But the last four years before the First World War saw him turn sharply on the revolutionary wing of the party occupying a ‘centre’ position between the right wing party and union bureaucracy and the left radicals.

Here he elaborated his famous ‘strategy of attrition’, a servile description of the SPD’s waiting, watching and vote catching practice.

This he counterposed to Luxemburg’s advocacy of mass strike tactics tied to a campaign to win universal suffrage in Prussia.

Kautsky’s behaviour in 1914 was a logical consequence of his ‘organic opportunism’ but it was nonetheless an act of renegacy. The ‘Basle resolution’ of the Second International had clearly predicated a fight against war that included voting against war credits and continuing opposition to a war after its outbreak in order to hasten the downfall of capitalism.

Kautsky’s actions over the war credits was deeply symptomatic. On Saturday 1 August 1914 Kautsky and his closest political ally in the SPD Reichstag fraktion, Hugo Haase, drafted a statement for the parliamentary group which refused war credits. When the fraktion made it clear that it was going to vote for credits Kautsky joined a commission to draft the statement of approval.

Kautsky pressed for a statement of principle attacking the ruling classes for causing the war and calling for no annexations or violations of neutrality. This passage was deleted after the direct intrervention of the Imperial Foreign Office. The SPD leaders did not take a step in those days without government approval.

Kautsky’s active political life effectively ended on 4 August l914. After that his extreme right centrism was not really required by the parties of the workers’ movement. His theory was not right wing enough for the new SPD leaders since his pacifism was out of tune with the Kaiser’s war needs. Nor could he rejoin the forces oppposed to the war. The October Revolution turned him into a pamphleteer for the counter-revolutionary Mensheviks. But after 1924 he was redundant even on this front and retuned to Vienna where he obviously felt more at home with the Austro-Marxists who combined verbal radicalism with the immobility and bland optimism so dear to Kautsky.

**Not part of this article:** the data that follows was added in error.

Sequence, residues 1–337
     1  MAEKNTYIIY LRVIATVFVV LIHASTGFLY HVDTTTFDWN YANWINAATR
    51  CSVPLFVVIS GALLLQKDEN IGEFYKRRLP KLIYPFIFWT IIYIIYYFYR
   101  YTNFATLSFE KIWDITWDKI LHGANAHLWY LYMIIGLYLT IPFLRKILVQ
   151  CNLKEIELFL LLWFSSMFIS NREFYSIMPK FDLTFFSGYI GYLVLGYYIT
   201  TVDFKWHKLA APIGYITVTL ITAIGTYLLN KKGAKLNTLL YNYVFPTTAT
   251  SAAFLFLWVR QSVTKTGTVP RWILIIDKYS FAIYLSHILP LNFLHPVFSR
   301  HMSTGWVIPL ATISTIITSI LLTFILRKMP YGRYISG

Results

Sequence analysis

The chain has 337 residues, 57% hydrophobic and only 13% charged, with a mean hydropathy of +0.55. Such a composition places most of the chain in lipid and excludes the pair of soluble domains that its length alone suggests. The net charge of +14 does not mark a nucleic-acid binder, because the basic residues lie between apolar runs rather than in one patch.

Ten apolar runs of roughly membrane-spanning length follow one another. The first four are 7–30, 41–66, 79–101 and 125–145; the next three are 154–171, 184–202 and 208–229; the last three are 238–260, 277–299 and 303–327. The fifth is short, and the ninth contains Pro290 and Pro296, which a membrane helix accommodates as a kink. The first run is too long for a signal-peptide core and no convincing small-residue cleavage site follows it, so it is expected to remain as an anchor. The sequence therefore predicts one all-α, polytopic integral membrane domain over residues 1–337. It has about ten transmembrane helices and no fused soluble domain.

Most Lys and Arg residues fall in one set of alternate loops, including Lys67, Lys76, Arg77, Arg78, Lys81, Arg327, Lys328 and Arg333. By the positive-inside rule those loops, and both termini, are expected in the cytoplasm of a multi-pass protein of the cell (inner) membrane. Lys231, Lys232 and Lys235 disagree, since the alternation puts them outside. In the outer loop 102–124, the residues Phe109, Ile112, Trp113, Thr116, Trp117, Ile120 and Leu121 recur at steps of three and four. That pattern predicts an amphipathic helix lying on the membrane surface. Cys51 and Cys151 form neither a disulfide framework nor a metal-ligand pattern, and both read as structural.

He still wrote and wrote though few people read his works. The ignominious collapse of first German and then Austrian Social democracy involved the Kautsky family in a train of events which led to personal tragedy. Two days after Hitler’s Anschluss in 1938 Karl and Luise fled to Amsterdam. On 17 October, twelve days after his eighty-fourth birthday, Kautsky died. Luise - Rosa Luxemburg’s friend - had a harder fate. Arrested by the Nazis in 1944, at the age of eighty, she was sent to Auschiwitz where her son Benedict was also imprisoned. Three months later she perished.

Trotsky’s obituary is perhaps the most balanced assessment of Kautsky’s life’s work, short as it is. Certainly it provides a better revolutionary key to estimating Katusky than the books of Salvadori, Steenson and Geary.

What is still required is a political biography that situates Kautsky firmly in the inner party political struggles and the international class struggle of the years 1890 to 1917. This, together with re-issues or translations of some of his key works, will make a fuller appreciation of Kautsky possible. It will surely not contradict of Trotsky’s measured words of 1938:

‘We remember Kautsky as our fomer leader to whom we once owned a good deal, but who separated himself from the proletarian revolution and from whom, consequently, we had to separate ourselves.’